TJS and the Tarrens
Tarrens from Foel Fawr
TBF & TJF on Foel Fawr
It would a great walk with several spots for a linger on a warm day. Today the feeling was that we were racing the bad weather. We wandered back along the lane and through the Ynys-hir bird watching area to the car. By the time were back at the van it was raining and it continued through the rest of the day and night.
Wind and rain always fetches up some big waves so the next day me and TJS had a very wet and windy walk along the promenade in Aberystwyth. With the tide full in the waves were crashing against the sea wall and throwing spray over the road and passers by. When I was a kid watching the waves “bounce” was a favorite and I enjoyed sharing this with TJS
He was enjoying the spectacle even though we were wet through. The power of the waves is hard to ignore when you get so close to the action. It really is a great way to pass an hour or two when the weather is wild and wet
Waves on the Promenade
After lunch it stopped raining and we headed over to Borth for a wander on the beach. It’s a rather drab little place but it has a cracking beach. By the time we got there the sun was out and the views excellent
We clambered onto the rocks to watch the waves crashing. There were several surfers out and I regretted not having my kayak with me as the waves looked superb
Sunshine after the storm
We strolled across the beach enjoying the unexpected burst of sunshine. There are a couple of man-made breakwaters to protect the beach, consisting of huge boulders that you can scramble on and under. The kids love it although I suspect going into the dark gaps is a tad risky
TJS & TJF enjoy the beach
Across the beach looking south
To finish off the day we walked up to the headland that overlooks the beach. The views across the beach, town, the marshland behind, the Dyfi estuary and the Tarrens was cracking. The wind that had whipped up the waves was still blowing hard so we didn’t linger long
Across Borth towards the Tarrens
On the South Headland
Borth, the Beach and the Tarrens
Our appetite for fresh air after a day of rain satisfied, we headed for home contented and hungry. Always a pleasure when out of a cold, wet and windy morning springs some surprise sunshine. Easter had delivered a real mix of fun from frost and snow to wind and waves. Time for summer…..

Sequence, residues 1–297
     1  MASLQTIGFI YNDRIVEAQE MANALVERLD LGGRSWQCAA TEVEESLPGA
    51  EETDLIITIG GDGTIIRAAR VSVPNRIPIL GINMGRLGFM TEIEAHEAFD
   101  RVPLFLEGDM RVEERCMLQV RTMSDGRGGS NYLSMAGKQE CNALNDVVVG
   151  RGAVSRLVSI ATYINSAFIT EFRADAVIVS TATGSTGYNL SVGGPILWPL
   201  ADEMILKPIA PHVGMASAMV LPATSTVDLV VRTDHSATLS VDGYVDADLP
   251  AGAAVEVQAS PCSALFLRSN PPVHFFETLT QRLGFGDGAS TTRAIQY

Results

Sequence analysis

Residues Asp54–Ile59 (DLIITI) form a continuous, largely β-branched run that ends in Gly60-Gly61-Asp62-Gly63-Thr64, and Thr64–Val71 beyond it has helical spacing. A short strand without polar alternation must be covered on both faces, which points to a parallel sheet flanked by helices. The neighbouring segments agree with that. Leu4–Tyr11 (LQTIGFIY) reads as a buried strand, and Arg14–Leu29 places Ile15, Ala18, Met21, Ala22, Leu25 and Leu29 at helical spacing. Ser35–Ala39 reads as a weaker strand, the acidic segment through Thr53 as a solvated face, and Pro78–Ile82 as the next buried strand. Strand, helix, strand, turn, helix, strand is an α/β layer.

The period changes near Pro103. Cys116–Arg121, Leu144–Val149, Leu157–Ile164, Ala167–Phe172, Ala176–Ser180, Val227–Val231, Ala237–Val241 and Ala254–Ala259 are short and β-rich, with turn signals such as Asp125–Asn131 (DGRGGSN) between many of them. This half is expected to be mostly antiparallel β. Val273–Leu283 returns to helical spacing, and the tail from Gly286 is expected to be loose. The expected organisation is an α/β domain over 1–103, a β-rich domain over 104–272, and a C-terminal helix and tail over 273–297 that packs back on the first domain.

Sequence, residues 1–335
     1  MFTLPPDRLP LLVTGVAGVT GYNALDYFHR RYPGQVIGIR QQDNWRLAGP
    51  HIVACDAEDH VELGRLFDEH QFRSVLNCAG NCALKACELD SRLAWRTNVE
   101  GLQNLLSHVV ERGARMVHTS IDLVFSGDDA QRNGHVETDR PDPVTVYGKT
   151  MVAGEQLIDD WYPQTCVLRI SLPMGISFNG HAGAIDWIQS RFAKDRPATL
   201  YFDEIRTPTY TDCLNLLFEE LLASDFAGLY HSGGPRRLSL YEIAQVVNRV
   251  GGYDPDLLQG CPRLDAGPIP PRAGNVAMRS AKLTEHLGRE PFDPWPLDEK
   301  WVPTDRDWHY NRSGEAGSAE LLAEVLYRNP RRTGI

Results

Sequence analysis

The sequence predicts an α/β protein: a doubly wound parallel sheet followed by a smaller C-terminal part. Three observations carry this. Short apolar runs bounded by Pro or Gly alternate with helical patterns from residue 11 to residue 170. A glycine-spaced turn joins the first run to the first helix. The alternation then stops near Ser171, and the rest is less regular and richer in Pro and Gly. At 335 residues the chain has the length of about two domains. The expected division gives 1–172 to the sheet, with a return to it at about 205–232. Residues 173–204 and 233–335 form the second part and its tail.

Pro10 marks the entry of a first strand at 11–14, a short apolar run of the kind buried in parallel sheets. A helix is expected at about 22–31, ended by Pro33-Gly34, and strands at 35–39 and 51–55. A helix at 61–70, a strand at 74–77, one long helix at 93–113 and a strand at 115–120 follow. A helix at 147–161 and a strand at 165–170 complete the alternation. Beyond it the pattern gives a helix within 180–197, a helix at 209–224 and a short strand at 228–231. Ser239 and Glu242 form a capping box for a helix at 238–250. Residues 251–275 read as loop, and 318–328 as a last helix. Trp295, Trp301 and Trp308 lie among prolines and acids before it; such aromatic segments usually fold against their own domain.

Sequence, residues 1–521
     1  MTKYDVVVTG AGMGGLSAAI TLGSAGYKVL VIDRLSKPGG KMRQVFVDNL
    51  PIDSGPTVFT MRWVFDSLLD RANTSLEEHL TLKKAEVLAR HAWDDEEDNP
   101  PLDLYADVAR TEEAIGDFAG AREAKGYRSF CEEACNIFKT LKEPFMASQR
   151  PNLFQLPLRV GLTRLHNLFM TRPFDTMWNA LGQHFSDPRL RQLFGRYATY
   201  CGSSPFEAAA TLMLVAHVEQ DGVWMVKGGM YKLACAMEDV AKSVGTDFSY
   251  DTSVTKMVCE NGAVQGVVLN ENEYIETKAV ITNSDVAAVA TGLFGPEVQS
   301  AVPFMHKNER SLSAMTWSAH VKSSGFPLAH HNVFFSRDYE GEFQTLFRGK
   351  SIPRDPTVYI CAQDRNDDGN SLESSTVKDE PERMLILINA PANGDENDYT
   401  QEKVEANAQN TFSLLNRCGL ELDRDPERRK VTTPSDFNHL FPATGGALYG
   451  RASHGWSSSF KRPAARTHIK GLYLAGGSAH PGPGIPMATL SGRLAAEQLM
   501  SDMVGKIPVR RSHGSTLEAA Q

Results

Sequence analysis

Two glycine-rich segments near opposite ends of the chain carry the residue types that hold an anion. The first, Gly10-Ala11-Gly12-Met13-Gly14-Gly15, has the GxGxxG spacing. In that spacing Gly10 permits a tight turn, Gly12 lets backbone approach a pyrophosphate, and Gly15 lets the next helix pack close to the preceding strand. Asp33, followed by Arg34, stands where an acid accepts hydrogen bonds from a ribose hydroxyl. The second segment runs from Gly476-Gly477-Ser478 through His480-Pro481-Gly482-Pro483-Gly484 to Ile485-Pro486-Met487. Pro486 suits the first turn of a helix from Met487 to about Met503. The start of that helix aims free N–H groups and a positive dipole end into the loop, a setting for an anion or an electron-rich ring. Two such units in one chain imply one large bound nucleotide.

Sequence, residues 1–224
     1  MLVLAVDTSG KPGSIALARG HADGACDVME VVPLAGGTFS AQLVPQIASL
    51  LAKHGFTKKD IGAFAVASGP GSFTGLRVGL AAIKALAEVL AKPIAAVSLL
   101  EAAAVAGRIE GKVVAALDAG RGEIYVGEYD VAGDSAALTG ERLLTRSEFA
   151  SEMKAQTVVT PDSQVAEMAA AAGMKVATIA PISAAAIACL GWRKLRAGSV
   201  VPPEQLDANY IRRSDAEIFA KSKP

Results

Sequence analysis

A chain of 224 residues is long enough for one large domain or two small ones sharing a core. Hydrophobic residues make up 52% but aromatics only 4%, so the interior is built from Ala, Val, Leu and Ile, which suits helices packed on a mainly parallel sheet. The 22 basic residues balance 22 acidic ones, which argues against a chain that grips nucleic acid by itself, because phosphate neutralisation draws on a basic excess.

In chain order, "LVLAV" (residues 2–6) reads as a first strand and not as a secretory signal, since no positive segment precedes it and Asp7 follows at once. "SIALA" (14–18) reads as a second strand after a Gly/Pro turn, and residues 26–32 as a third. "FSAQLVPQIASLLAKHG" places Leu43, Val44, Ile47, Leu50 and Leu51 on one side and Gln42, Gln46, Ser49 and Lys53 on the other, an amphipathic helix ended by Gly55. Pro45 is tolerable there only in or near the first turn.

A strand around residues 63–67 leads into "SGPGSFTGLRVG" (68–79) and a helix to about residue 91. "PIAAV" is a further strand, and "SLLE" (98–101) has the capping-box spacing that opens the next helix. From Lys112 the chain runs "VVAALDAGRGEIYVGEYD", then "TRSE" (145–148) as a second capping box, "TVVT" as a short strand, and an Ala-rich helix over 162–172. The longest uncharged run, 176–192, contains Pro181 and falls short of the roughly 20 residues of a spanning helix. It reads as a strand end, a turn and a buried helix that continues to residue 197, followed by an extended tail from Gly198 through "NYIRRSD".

After my little jaunt up Plynlimon it was appropriate to spend some quality family time with TBF and the kids. It was another splendid day and we opted for some beach and coast activity down at Llangrannog on the Mid-Wales coast. It’s a splendid little place with a coast and beaches to rival anywhere in the UK. I wanted to explore the headland of Ynys Lochtyn just up the coast which has always looked enticing on the map.
We got lucky with a spot on the small pub car park near the beach, and we were straight onto the sand as the tide was out. The sun was beaming down and the sky a clear blue but it was extremely cold, a combination of the still cold easterly air flow and proximity to chilled winter sea
The views on the beach and up and down the coast were amazing and we spent a happy hour just pithering about and clambering on the rocks, enjoying our first proper beach day of the year
Sunny and Cold
South towards Aberporth
Sand and Sky
We sat on the rocks on the beach around the corner from the village. The kids like this spot as it gets cut off by the high tide so it’s considered a secret beach 🙂
Cold Lunch on the Beach
View from the Coast path
It was pretty chilly down on the sand so we warmed up with a steep climb up the 100 plus steps at the back of the beach to the coast path. Away from the sea it was markedly warmer, almost spring-like and were soon down to shirt-sleeves.
North towards Ynys Lochtyn
The stroll along the cliffs was splendid in the warm sunshine. We gained a new friend with an old dog from the village who seemed to be adopting a variety of people to walk with on the path, stopping to wait for us whenever we dallied. The views across Cardigan Bay and down to more secret and isolated beaches below was superb and the sea crystal clear
The path then carries on north towards the Welsh Newquay and we pitched down onto the grassy headland of Ynys Lochtyn. Away from the easterly wind it was pleasant and warm and we settled down onto the cropped grass for a long laze in the sun
Relaxing on Ynys Lochtyn
It’s a superb spot with a grassy spread a golf green-keeper would be proud of. We snoozed, brewed up, strolled, watched the sea birds and tried to spot some dolphins and seals that the coast is known for but without any success. It was still a cracking place to while away an afternoon, something of a contrast with my adventures in Ardgour the previous weekend
Pen Dinas Hill Fort
As always with a perfect afternoon you have to head back. TBF and TJF headed back to the beach while me and TJS walked to the top of Pen Dinas Hill Fort for an elevated view of the coast and an exceedingly steep descent back down again
Pen Dinas Hill Fort
View north along the coast
The sun was casting its golden road across Cardigan Bay, leading to the Preseli Hills and Pembrokeshire
We had time for another play on the beach, watching the tide come in, skimming stones and dodging the waves as it pushed against the cliffs
End of a good day
Happy with our day out we headed to our caravan home for a chippy tea – marvellous!